Cablevision is addressing the current buzz over seamlessly bringing Web content to the living-room TV with "PC to TV Media Relay," a new service that will allow its digital cable customers to take whatever information or images appear on their PC screen and display it on a special dedicated channel on their TV set. The cable operator plans to begin testing the service by June.
According to Cablevision, the relay service won't rely on wireless or wired home networking technologies to bring the PC-based content to the TV. Instead, it will use its broadband network to securely relay the content from the PC back to the headend, and then send it back down to the TV through the digital set-top box. The only installation the relay service will require is a simple one-time software download to the PC.
The dedicated relay channel will only be available to that subscriber's home, and can display a range of content including:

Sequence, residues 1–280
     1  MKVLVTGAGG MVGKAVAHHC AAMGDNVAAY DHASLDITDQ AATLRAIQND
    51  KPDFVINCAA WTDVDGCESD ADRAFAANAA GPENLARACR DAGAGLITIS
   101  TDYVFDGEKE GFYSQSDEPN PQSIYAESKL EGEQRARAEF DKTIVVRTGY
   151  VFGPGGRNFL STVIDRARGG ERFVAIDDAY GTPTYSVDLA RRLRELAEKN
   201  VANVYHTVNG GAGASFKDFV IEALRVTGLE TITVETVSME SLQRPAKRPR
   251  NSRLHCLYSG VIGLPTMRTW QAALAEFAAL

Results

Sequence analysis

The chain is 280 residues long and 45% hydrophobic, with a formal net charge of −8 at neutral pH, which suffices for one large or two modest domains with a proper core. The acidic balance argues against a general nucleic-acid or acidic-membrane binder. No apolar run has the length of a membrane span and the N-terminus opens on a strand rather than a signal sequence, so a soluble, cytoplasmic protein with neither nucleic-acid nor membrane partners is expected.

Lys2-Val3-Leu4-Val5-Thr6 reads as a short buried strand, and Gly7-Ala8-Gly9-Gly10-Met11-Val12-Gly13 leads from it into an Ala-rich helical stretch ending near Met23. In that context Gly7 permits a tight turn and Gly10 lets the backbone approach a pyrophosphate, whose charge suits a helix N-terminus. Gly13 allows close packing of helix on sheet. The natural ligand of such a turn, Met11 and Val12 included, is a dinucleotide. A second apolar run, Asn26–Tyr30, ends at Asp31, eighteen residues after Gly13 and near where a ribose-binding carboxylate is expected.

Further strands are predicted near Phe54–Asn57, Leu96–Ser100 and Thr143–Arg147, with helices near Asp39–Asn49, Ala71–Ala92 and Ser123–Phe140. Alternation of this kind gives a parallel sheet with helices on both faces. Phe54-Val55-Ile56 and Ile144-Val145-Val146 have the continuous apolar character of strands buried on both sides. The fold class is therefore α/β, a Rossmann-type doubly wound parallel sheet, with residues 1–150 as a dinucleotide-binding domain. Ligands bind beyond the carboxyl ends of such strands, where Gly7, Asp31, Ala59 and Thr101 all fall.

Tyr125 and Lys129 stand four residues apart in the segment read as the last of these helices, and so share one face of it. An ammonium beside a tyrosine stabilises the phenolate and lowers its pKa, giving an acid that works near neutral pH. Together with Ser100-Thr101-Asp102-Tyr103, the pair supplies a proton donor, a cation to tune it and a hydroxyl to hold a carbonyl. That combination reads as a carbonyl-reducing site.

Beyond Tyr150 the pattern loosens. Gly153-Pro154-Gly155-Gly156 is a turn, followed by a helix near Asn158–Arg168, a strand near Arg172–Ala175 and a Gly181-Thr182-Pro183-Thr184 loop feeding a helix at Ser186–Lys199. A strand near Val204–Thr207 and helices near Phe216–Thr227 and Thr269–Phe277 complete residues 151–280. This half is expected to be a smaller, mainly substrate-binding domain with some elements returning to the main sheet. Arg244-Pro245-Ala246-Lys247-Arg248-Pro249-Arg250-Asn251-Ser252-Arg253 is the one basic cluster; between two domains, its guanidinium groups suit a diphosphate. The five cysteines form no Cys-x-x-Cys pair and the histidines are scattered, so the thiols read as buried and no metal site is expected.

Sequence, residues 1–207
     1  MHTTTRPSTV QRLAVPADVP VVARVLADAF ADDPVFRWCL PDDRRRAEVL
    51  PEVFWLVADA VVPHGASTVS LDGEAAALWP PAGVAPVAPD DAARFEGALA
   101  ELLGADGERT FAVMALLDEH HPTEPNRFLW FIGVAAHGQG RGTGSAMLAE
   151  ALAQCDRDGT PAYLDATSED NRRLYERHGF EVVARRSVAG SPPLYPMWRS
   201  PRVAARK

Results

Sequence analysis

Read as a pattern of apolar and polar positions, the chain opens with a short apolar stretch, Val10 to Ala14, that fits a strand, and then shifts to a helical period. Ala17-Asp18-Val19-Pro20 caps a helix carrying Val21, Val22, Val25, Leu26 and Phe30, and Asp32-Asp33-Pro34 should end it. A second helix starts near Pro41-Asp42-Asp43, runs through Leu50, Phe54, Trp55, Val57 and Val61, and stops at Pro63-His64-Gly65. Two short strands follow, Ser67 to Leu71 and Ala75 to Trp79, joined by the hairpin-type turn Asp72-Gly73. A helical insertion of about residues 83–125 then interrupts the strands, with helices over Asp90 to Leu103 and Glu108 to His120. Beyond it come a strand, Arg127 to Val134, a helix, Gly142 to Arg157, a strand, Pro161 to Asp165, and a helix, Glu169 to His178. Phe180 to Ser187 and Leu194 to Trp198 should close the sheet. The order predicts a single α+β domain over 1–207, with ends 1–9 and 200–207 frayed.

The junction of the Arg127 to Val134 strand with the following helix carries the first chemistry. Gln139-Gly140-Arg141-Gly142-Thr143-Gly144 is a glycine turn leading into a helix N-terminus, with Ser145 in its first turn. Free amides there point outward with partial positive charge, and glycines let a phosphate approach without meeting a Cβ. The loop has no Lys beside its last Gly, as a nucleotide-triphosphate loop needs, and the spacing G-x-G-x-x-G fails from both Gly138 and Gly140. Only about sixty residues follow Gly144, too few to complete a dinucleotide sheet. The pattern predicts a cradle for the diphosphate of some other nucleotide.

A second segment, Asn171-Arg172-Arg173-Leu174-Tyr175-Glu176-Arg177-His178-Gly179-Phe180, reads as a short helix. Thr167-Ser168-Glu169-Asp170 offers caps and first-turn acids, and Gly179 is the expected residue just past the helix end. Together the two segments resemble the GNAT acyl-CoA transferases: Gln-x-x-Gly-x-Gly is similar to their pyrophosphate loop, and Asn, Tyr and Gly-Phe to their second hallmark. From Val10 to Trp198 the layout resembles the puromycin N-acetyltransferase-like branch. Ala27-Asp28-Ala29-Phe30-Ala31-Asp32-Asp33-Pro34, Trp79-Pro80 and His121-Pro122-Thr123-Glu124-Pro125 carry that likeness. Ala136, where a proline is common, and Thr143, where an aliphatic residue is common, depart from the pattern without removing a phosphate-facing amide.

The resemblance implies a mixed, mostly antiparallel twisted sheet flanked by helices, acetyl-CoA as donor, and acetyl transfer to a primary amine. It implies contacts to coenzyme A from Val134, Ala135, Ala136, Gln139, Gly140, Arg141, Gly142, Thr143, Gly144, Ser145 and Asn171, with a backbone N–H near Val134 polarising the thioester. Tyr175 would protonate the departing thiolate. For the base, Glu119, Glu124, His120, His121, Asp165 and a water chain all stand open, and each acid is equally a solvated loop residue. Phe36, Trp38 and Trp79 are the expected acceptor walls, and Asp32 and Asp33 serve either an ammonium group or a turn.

* Â· Personal stored media such as photos, home videos and music;
* Â· Internet content including streaming video sites and audio such as Internet radio;
* Â· Some productivity applications including email, documents and spreadsheets;
* Â· And other desktop applications such as widgets.
"With our PC to TV Media Relay service, we are putting an end to the need for families to huddle around their laptops or PCs to watch content together," said Cablevision COO Tom Rutledge in a statement. "This new service will make it easy for our television customers to take broadband services including Internet video, as well as family photos or anything else displayed on a computer screen and move it to the television with the click of the mouse."
Cablevision says the technology that enables TV to PC Media Relay may also be extended to other consumer devices including handheld devices running applications and connected to in-home wireless networks. It is also developing a similar service for Apple Mac computers.
Cablevision isn't disclosing details of what exact technology it is using the relay service. But the operator has used technology from ActiveVideo Networks, which has a system for bringing Web content to a TV through the existing cable infrastructure, to deliver interactive content including a mosaic channel of NBC Universal programming it is currently running during the 2010 Winter Olympics.